Kiters Carry the Flag

A group of U.S. athletes leads the charge in the growing sport of kite racing. Web extra from our November/December 2011 issue.

October 26, 2011
Sailing World


At the Canadian nationals in Squamish, British Columbia, John Heineken (foreground) continued his dominance in international kiteboard competition. David Sinclair

Kiteboarders are refining the courseracing discipline at a breakneck pace, and a group of athletes from the United States is leading the charge. At the International Kiteboarding Association’s Course Racing World Championship in Sylt, Germany, in July, six of the top-ten finishers were U.S. sailors, including champion Johnny Heineken and runners-up Adam Koch and Bryan Lake. The trio went on to dominate course-racing championships in Puerto Rico and Canada. Along with fellow Americans like Damien Leroy, they’ve put the U.S. at the top of the sport.


The 2011 season has seen noticeable progress in the quality of competition. Mark roundings are tighter, finishes are closer, and protests are infrequent. “The biggest improvement has been the inclusion of a 360-degree exoneration for Part 2 rule violations,” says Koch, a Seattle native. “Now we can push port-tack crossings without worrying about going to the room at the end of the day. Before, we’d have a bunch of protests after each race. It was ridiculous.”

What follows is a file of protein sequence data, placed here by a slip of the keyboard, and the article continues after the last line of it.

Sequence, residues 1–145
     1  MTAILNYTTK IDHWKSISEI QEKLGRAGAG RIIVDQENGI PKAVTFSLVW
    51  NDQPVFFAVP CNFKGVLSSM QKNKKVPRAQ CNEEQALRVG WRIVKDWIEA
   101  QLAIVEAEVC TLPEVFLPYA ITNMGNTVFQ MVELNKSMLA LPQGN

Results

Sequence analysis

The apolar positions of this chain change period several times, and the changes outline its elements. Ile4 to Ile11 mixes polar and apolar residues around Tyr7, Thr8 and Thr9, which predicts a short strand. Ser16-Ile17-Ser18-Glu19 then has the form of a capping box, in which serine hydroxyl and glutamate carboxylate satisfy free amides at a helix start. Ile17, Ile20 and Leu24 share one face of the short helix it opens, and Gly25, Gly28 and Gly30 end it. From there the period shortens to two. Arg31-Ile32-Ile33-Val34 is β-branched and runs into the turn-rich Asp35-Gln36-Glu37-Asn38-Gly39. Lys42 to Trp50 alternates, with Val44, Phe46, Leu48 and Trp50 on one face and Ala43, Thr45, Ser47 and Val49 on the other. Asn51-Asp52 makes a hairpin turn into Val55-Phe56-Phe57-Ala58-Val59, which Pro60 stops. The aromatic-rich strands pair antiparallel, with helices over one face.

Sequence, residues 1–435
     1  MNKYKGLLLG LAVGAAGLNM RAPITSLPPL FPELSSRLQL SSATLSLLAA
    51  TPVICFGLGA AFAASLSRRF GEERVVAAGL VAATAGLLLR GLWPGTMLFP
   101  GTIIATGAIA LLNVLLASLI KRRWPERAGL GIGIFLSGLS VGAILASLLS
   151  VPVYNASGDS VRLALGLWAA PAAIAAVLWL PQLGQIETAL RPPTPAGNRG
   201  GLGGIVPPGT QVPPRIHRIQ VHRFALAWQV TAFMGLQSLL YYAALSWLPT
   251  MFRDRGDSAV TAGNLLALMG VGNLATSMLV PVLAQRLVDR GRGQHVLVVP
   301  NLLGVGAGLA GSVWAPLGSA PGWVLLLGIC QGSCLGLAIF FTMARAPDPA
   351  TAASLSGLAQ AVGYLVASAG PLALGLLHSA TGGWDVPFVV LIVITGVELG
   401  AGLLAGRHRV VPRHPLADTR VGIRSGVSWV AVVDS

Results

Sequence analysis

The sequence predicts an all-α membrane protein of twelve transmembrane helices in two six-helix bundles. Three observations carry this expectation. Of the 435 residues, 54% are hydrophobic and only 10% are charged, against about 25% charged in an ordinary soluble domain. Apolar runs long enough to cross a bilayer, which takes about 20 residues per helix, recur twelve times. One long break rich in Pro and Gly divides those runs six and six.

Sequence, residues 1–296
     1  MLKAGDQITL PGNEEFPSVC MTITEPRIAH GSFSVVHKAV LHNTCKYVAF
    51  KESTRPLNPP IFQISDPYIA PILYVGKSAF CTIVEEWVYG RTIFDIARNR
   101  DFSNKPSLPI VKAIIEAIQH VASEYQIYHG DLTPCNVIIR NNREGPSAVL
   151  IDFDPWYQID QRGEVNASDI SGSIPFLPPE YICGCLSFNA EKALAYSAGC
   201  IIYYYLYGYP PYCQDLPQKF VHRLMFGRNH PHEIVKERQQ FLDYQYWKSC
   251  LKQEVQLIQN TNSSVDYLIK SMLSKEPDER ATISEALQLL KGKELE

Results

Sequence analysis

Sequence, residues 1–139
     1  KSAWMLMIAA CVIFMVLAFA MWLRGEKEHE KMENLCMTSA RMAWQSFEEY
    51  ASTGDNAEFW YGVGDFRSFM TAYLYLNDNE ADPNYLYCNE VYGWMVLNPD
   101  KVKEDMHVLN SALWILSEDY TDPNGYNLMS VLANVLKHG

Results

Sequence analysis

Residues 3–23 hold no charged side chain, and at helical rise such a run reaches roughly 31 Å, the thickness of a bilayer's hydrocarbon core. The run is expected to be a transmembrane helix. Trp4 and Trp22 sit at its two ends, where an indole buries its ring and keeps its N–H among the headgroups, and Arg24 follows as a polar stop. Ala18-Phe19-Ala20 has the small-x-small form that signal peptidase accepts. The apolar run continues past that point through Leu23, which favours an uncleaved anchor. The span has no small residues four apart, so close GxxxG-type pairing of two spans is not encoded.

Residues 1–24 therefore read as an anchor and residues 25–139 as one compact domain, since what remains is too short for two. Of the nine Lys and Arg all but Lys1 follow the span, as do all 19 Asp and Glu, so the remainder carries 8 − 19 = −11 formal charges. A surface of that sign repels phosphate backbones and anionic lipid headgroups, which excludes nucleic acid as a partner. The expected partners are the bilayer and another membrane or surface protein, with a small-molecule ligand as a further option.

According to Lake, advances in equipment have made the biggest impact on the racing. “Everybody is now going similar speeds,” he says. “It makes the racing more intense and tactical than ever before.”


Kite racing is beginning to shed its reputation as being an arms race above all else. In Sylt, people were talking about nailing the start, holding a lane, and knowing the rules, not what grit sand paper you use to polish your fins.

As kite racing gains acceptance in the sailing community, events are shifting from the beach to the local yacht club. Heineken is a member of St. Francis YC, which hosts the Cabrinha Kite Race Series. “We need the yacht clubs,” he says. “Kiting is a relatively new sport, and most kiters don’t know how to run a proper regatta. The more yacht clubs host kite events, the more quality regattas we’ll have, and the more the sport will grow in to the sailing community.”

As yacht clubs everywhere search for ways to attract younger members, it’s only natural to roll out the welcome mat for the kiteboarding crowd. Besides, now that ISAF is considering kiteboarding for the 2016 Olympics, it could be your club’s best chance to field a gold medalist.


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